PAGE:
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Archived - Mac OS X Server: Processes

A process is a name for any running program that has its own memory space. Processes in Mac OS 8 include system software, application programs and background applications (such as FBC Indexing Scheduler, Control Strip, and Application Switcher). A background server process in Mac OS X Server is called a "daemon."
This article has been archived and is no longer updated by Apple.
In Mac OS X Server, several processes may be required to provide any given service. Starting an application also starts any other processes the application may need. If you know which processes are required for a certain service, you can check to make sure that they are running. A process that starts--or "spawns"--another process is called the parent process. A process that is started by a parent is called a "child" process. When a process is terminated intentionally, that is called "killing" the process. When a process stops working, it has "died." One step in troubleshooting a Mac OS X Server application is to determine if all its required processes are running. If a process is running but not responding, you may need to kill it.

Every process has a process identification number (PID) that is assigned according to order it was run. The first process that runs has a PID of 1. The second has a PID of 2 and so on. If a process dies or is killed, that PID is not reused. If the computer is restarted, the process count begins at 1 again.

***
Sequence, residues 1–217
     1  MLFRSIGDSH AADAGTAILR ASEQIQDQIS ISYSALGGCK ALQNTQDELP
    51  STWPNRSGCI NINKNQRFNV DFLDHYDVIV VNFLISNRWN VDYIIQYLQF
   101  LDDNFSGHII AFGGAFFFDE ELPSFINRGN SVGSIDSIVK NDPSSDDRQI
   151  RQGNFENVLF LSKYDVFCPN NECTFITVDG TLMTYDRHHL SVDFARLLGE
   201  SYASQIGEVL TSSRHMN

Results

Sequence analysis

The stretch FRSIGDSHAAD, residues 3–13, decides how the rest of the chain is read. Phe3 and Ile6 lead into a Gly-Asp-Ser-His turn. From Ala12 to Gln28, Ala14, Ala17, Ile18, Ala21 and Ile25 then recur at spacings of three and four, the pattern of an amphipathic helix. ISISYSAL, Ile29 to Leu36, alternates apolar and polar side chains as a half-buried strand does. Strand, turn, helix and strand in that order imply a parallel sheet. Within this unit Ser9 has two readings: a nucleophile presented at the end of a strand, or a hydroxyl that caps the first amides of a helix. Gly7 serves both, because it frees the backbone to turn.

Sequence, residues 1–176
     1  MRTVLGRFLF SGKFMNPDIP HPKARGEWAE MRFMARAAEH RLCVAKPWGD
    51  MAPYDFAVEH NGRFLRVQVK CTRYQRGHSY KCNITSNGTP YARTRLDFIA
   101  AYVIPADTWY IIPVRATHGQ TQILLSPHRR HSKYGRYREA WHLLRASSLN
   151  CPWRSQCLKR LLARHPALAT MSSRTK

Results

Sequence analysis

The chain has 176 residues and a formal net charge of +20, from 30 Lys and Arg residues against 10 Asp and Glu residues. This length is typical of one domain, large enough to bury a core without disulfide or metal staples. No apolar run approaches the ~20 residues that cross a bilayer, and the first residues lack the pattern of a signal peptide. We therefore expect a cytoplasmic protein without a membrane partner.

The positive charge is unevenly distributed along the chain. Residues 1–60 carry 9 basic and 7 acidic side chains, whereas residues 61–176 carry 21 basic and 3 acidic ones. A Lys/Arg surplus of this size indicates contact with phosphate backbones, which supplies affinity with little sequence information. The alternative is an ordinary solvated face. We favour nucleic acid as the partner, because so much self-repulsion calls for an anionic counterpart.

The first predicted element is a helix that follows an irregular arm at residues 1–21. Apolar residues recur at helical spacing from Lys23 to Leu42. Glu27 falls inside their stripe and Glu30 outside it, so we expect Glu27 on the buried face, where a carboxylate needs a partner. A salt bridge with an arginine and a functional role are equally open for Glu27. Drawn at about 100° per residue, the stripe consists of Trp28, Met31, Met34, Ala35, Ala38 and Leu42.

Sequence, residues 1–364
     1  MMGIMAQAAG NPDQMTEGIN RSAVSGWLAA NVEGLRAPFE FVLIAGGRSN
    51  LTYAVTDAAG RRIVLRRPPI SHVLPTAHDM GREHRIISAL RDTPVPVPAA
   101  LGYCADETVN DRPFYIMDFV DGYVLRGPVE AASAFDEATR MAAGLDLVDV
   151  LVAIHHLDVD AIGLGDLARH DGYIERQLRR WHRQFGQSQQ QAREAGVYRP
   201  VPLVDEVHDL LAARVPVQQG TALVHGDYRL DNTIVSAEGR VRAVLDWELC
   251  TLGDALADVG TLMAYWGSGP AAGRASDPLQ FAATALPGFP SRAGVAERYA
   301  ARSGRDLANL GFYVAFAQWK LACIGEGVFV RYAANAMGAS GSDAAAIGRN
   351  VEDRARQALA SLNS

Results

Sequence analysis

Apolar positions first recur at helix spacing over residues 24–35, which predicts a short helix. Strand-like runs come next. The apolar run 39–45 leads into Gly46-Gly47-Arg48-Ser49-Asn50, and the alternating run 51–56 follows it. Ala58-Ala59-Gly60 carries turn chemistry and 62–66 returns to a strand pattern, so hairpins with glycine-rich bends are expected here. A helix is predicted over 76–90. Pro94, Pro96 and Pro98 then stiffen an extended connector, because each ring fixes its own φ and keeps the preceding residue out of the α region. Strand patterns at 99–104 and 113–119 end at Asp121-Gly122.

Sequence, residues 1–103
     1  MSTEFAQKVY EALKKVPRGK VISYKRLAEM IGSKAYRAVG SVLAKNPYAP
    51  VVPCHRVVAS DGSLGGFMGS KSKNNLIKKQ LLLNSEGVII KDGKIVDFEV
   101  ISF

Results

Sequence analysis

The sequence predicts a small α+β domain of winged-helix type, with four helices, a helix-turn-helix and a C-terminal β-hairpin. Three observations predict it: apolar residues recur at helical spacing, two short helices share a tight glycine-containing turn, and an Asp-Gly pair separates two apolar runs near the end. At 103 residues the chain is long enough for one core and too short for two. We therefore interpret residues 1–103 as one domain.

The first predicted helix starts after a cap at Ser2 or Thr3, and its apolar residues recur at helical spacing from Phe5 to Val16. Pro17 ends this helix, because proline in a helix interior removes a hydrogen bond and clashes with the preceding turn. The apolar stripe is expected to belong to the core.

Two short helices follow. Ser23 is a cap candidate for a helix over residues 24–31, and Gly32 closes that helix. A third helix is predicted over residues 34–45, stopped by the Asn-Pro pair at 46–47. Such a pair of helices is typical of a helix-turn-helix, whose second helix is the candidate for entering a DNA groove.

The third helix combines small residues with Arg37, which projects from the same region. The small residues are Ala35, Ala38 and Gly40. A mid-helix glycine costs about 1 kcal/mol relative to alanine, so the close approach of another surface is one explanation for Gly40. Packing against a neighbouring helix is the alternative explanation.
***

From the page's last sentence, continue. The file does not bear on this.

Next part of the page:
You can use the ProcessViewer application to view and kill processes. This is similar to "force-quitting" an application in Mac OS 8. To do this, highlight a process in the process listing and choose "Quit Process" from the Process menu. If clicking the "Quit" button doesn't work, try the "Force Quit" button.

You open the ProcessViewer by choosing "Show All Processes" from the applications menu. It shows you the following information about each process:
  • Name - The name of the process (not the full path)
  • User - The name of the user that launched the process. System processes may show "root', "daemon", "www" or any user on your system.
  • Status - Can be running, stopped, waiting
  • % CPU - Shows what share of processor time a process is using. This is useful for performance analysis.
  • % Memory - Shows what share of RAM a process is taking. This is useful for monitoring RAM consumption.

More Info
  • Process ID- Shows the process ID, parent process ID, process group ID, Saved User ID and which terminal window the process was launched from (if applicable).
  • Statistics - Shows total CPU time, virtual memory size and resident memory size.
  • Path & Arguments - Shows which copy of a program was launched and the options (arguments) with which it was started.
Last Modified: Feb 18, 2012
  • Last Modified: Feb 18, 2012
  • Article: TA44156
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